COVID-19 has seen the emergence of a cashless, cautious and more conscientious consumer, according to Standard Chartered’s latest global survey. Almost two-thirds (73%) of Malaysian survey respondents agree that COVID-19 has made them more positive about online shopping, but they are also more careful with their spending and want new ways to track their money digitally.

The study of 12,000 adults across 12 markets – Hong Kong, India, Indonesia, Kenya, Mainland China, Malaysia, Pakistan, Singapore, Taiwan, UAE, the UK and the US – is the second in a three-part series, looking at how COVID-19 has transformed consumers’ way of life, and what changes could be here to stay. While the first survey focused on the pandemic’s impact on earnings, the second offers new insights into the way the global health crisis is changing consumer spending habits.

Respondents in all 12 markets anticipate doing more of their shopping online from now on. In Malaysia prior to the pandemic, only 30% said they preferred shopping online compared to 70% who preferred shopping in-person. But this has shifted significantly with 51% now preferring online payments to in-person card or cash payments. This increase in preference for online payments is true across a range of purchases, from groceries and travel to digital devices. As a result, 79% of people in Malaysia now expect the country to go fully cashless, with a majority expecting this to happen by 2030.

Meanwhile, as spending begins to creep up as lockdowns ease globally – 57% of Malaysians reported increased spending in July – 82% of people in Malaysia say the pandemic has made them more careful with their expenditure. Reflecting this increased caution, 68% of survey respondents in Malaysia said that the economic impact of COVID-19 has made them more likely to track their spending, with over 80% either using or interested in using budgeting tools or tools that block card-spend over specified limits.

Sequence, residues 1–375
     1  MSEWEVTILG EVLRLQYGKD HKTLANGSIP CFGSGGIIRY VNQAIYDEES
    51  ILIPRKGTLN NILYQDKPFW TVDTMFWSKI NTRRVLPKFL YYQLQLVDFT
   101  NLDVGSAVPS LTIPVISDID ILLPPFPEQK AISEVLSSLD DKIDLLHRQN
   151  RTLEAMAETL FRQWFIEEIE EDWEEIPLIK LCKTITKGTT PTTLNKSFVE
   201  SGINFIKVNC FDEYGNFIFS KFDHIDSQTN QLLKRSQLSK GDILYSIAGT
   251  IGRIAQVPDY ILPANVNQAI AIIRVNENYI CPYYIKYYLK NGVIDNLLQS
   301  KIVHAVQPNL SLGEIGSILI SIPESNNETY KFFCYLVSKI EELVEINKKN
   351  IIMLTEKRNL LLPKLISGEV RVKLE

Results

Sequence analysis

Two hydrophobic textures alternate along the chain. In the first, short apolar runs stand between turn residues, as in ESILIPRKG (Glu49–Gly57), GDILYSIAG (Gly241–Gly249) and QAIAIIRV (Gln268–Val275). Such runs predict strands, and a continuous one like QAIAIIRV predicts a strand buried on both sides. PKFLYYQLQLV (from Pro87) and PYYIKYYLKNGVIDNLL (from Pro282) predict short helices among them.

Consumers around the world, including in Malaysia, are now spending more on basics – such as groceries and healthcare – and digital devices than they did prior to the pandemic, and they expect this increase to continue in the future. Meanwhile, in Malaysia 65% of respondents say they have spent less on travel and holidays than they did before the pandemic, while 33% have spent less on experiences and 62% have spent less on clothes. This trend is also expected to continue with 48% saying they anticipate spending less on travel/holidays, 23% on experiences and 41% on clothes in the future.

As well as increased caution when it comes to spending, consumers around the world are increasingly conscientious. This is good news for small businesses and those producing locally made goods, particularly those making and selling sustainably sourced products. In Malaysia, more than half of people say they are now more likely to shop locally (64%), more sustainably (54%) and with small businesses (52%). This is particularly true of younger generations (18-44), suggesting this trend is likely to continue.

Abrar A Anwar, Managing Director and Chief Executive Officer of Standard Chartered Malaysia, said: “The pandemic has accelerated digital adoption among the Malaysian consumers who have now found themselves more comfortable with online transactions, from shopping to investing. Our own ATM withdrawal data supports this shift with ATM usage declining to half the levels they were two years ago, with COVID19 dramatically accelerating the decline. “In a world where people are being more cautious with their spending, being able to keep track of where your money goes is very important. One way to do that is to keep your payments digital. It’s imperative that banks continue to innovate digitally so that clients can conveniently and securely transact, track and manage their spending.”

 

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